Dransfields on the high seas

09 November 2010
03 November 2010 | Somewhere off Port Stephens
26 October 2010 | Brisbane River
01 October 2010
20 September 2010 | Bundaberg QLD
07 September 2010 | Noumea, New Caledonia
26 August 2010
11 August 2010 | Musket Cove Fiji
26 July 2010 | Fiji
17 July 2010 | Tonga
15 July 2010 | Vava'u, Tonga
30 June 2010
21 June 2010 | On passage to Tonga
25 May 2010 | Tahiti,
20 May 2010 | The Tuamotu Islands
07 May 2010 | Nuka Hiva, French Polynesia
26 April 2010 | En route to the Marquesas
19 April 2010 | The Pacific Ocean
16 April 2010 | The Pacific Ocean
05 April 2010 | Galapagos

The Good the Bad the Ugly

26 April 2010 | En route to the Marquesas
Skipper JD
Warning: this article was written by the captain who may have been slightly delirious from sleep deprivation...

First the Good:
Helen and I were having one of those special moments - we usually have two such indulgent moments each day, one with morning coffee and the other with a Gin and Tonic in the hand at about 5:00PM. We were making such good progress; the kids were going well, the skies were blue, we were finally in the Pacific - 'our' ocean and we were looking ahead to wondrous South Pacific islands and friends joining us.

We were also waxing lyrical about Nika, our beautiful boat who has been looking after us so well, going fast in light and heavy winds, lovely simple uncluttered decks and systems, big open space down below, etc etc.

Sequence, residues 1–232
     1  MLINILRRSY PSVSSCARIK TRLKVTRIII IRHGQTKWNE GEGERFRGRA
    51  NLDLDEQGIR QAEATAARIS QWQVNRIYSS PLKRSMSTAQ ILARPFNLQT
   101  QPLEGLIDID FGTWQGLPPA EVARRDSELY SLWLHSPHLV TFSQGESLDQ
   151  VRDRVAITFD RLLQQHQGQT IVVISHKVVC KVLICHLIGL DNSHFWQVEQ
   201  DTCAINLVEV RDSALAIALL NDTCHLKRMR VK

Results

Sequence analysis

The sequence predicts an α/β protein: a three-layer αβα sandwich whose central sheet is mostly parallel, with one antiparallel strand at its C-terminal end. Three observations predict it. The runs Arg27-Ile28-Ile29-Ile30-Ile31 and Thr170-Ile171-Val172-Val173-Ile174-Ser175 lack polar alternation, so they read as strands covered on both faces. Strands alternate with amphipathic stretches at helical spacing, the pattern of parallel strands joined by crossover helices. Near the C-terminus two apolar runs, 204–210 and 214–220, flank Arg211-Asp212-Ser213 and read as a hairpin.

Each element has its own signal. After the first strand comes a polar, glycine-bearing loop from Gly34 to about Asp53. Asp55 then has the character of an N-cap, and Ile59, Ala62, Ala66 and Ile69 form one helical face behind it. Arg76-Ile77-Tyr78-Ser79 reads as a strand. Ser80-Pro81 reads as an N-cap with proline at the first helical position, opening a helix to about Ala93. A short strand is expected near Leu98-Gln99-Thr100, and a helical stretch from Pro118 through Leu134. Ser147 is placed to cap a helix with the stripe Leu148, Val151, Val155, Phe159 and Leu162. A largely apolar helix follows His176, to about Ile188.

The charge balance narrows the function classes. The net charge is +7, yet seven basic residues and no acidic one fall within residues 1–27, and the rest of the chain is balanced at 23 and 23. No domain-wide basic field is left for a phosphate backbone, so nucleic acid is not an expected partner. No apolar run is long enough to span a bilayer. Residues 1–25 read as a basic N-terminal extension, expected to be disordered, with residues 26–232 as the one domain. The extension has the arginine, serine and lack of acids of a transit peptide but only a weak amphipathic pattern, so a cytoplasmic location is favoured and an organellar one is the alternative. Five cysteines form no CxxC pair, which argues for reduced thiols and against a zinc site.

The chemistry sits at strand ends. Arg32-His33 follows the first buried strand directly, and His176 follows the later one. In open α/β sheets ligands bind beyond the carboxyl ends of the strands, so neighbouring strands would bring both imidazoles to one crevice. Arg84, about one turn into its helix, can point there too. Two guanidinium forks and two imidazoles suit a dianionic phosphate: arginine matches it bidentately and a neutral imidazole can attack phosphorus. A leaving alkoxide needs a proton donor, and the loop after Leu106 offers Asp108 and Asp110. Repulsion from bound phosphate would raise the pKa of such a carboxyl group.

Richard, an old friend of mine, would call such indulgent reflections an attack of hubris and it certainly was. You can never be sure about things out in the middle of a vast ocean, and things past don't necessarily signal what is to come...

Then the Bad:
Last Sunday afternoon, the Autopilot broke down as mentioned in my last blog update. We had to hand steer the last 800nm taking about 5 days and 5 nights. Let me tell you after three days of hand steering that it is reasonably tedious, if not difficult, to steer a yacht in a straight line hour after hour. It is almost impossible to do it in the dark of night with a lumpy following sea when you are so tired that you start to nod off whilst standing on your feet!

For the night watches, Helen and I have been steering one hour on, one hour off with the off-watch person sleeping in full wet weather gear and lifejacket on the cockpit seat in case quick action was required. Any time spent eating, doing jobs or even going to the toilet is time lost for sleeping! During the day, the steering is easier but we tend to steer for longer spells - sometimes four hours.

and finally the downright Ugly: things that go bang in the night...

Actually, it was about lunchtime on Tuesday. We were 500nm from landfall, when we all heard the big BANG and frantically looked about us to see what it could be. Helen spotted one of the D2 wires hanging limply from the end of the first spreader. The D2 is a 7mm diameter stainless steel shroud which helps to hold up the mast. It is supposed to be anchored into the mast just below the second spreader and goes out to the end of the first spreader. There is one on the port side and one on the starboard side. We'd broken the Port D2.

What to do? The mast was flexing side-to-side like spaghetti above the first spreaders, threatening to collapse. We immediately rolled away mainsail and jib and turned the engine on. This reduced loads on the mast but we started to roll severely side-to-side in the rough seas (the wind was gusting up to 28 knots). We needed to get up the mast quickly and attach some ropes to take the load but we faced a quandary (of course, disasters never happen at convenient times): Helen could not leave the wheel as we had no Autopilot so Jesse would have to winch and belay me up the mast.